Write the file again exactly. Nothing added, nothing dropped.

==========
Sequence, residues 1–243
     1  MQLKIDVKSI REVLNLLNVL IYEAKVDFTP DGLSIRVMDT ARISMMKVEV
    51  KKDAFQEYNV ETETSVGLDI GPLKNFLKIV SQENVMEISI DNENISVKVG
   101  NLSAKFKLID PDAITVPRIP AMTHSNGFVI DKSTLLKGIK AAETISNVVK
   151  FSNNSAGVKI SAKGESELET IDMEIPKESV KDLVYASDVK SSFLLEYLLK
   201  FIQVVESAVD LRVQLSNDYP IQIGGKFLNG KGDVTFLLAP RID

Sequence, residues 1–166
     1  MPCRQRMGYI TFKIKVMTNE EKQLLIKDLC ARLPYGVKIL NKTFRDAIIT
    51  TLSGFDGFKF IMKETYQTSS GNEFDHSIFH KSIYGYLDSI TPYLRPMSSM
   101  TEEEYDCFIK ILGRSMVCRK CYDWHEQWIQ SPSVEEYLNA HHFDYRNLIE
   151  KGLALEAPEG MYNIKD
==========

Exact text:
Sequence, residues 1–243
     1  MQLKIDVKSI REVLNLLNVL IYEAKVDFTP DGLSIRVMDT ARISMMKVEV
    51  KKDAFQEYNV ETETSVGLDI GPLKNFLKIV SQENVMEISI DNENISVKVG
   101  NLSAKFKLID PDAITVPRIP AMTHSNGFVI DKSTLLKGIK AAETISNVVK
   151  FSNNSAGVKI SAKGESELET IDMEIPKESV KDLVYASDVK SSFLLEYLLK
   201  FIQVVESAVD LRVQLSNDYP IQIGGKFLNG KGDVTFLLAP RID

Sequence, residues 1–166
     1  MPCRQRMGYI TFKIKVMTNE EKQLLIKDLC ARLPYGVKIL NKTFRDAIIT
    51  TLSGFDGFKF IMKETYQTSS GNEFDHSIFH KSIYGYLDSI TPYLRPMSSM
   101  TEEEYDCFIK ILGRSMVCRK CYDWHEQWIQ SPSVEEYLNA HHFDYRNLIE
   151  KGLALEAPEG MYNIKD